The Institute of Medicine has developed a comprehensive list of the potential functionalities of an inpatient electronic health record,15 but there is no consensus on what functionalities constitute the essential elements necessary to define an electronic health record in the hospital setting. Therefore, we used the expert panel described earlier to help define the functionalities that constitute comprehensive and basic electronic-records systems in the hospital setting. The panel was asked to identify whether individual functionalities would be necessary to classify a hospital as having a comprehensive or basic electronic health record. With the use of a modified Delphi process, the panel reached a consensus on the 24 functions that should be present in all major clinical units of a hospital to conclude that it had a comprehensive electronic-records system.16 Similarly, the panel reached a consensus on eight functionalities that should be present in at least one major clinical unit (e.g., the intensive care unit) in order for the hospital to be classified as having a basic electronic-records system. Because the panel disagreed on the need for two additional functionalities (physicians' notes and nursing assessments) to classify a hospital as having a basic system, we developed two definitions of a basic electronic-records system, one that included functionalities for nursing assessments and physicians' notes and another that did not. We present the results with the use of both definitions.
We compared the characteristics of respondent and nonrespondent hospitals and found modest but significant differences. We estimated the propensity to respond to the survey with the use of a logistic-regression model that included all these characteristics and used the inverse of this propensity value as a weight in all analyses.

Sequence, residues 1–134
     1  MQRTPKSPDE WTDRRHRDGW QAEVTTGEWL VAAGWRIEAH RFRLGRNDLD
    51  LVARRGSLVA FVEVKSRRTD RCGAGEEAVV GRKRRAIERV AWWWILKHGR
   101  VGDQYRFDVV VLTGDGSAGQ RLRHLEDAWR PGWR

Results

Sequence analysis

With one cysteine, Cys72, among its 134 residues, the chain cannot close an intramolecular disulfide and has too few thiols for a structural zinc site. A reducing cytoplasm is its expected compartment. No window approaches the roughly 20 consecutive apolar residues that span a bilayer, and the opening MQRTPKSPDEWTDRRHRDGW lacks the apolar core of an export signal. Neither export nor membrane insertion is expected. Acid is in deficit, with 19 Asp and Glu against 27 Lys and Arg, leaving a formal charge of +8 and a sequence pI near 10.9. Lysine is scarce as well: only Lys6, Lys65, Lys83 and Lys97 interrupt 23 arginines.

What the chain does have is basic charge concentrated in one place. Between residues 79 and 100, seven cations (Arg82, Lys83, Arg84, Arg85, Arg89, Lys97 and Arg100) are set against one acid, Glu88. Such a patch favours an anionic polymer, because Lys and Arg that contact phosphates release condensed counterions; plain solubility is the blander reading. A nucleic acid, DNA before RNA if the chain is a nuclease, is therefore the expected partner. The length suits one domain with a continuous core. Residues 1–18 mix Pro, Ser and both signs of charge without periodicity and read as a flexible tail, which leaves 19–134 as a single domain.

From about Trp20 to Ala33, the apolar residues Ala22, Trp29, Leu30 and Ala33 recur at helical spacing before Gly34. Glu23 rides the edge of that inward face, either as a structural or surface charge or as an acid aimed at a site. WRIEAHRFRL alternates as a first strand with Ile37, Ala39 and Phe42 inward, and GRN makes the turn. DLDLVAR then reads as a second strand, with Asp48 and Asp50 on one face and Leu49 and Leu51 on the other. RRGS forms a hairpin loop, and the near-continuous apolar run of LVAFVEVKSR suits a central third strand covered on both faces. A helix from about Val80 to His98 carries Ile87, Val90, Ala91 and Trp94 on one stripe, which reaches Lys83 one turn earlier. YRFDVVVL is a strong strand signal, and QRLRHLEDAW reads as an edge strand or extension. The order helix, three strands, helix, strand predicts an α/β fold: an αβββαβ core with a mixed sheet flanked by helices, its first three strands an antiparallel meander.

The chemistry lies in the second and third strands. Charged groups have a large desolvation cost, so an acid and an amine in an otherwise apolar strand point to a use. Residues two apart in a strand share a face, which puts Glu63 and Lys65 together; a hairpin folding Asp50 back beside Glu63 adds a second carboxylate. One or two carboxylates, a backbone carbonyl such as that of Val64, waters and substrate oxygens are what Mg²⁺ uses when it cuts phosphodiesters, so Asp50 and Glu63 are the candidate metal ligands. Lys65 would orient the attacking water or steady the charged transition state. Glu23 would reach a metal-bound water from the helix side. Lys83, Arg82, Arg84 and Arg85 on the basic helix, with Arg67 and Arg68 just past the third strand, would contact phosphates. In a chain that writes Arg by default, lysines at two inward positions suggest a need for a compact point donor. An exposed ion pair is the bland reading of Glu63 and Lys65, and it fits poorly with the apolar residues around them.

We examined the proportion of hospitals that had each of the individual functionalities and subsequently calculated the prevalence of adoption of an electronic-records system, using three definitions of such a system: comprehensive, basic with physicians' and nurses' notes, and basic without physician and nursing notes. For all subsequent analyses, we used the definition of basic electronic health records that included clinicians' notes.
We explored bivariate relationships between key hospital characteristics (size, U.S. Census region, ownership, teaching status, urban vs. rural location, and presence or absence of markers of a high-technology institution) and adoption of a basic or comprehensive electronic-records system. We considered the use of various potential markers of a high-technology institution, including the presence of a dedicated coronary care unit, a burn unit, or a positron-emission tomographic scanner. Because the results were similar for each of these markers, we present data based on the presence or absence of only one -- a dedicated coronary care unit. We subsequently built a multivariable model to calculate levels of adoption of electronic-records systems, adjusted according to these hospital characteristics. We present the unadjusted results below and those from the multivariate models in the Supplementary Appendix.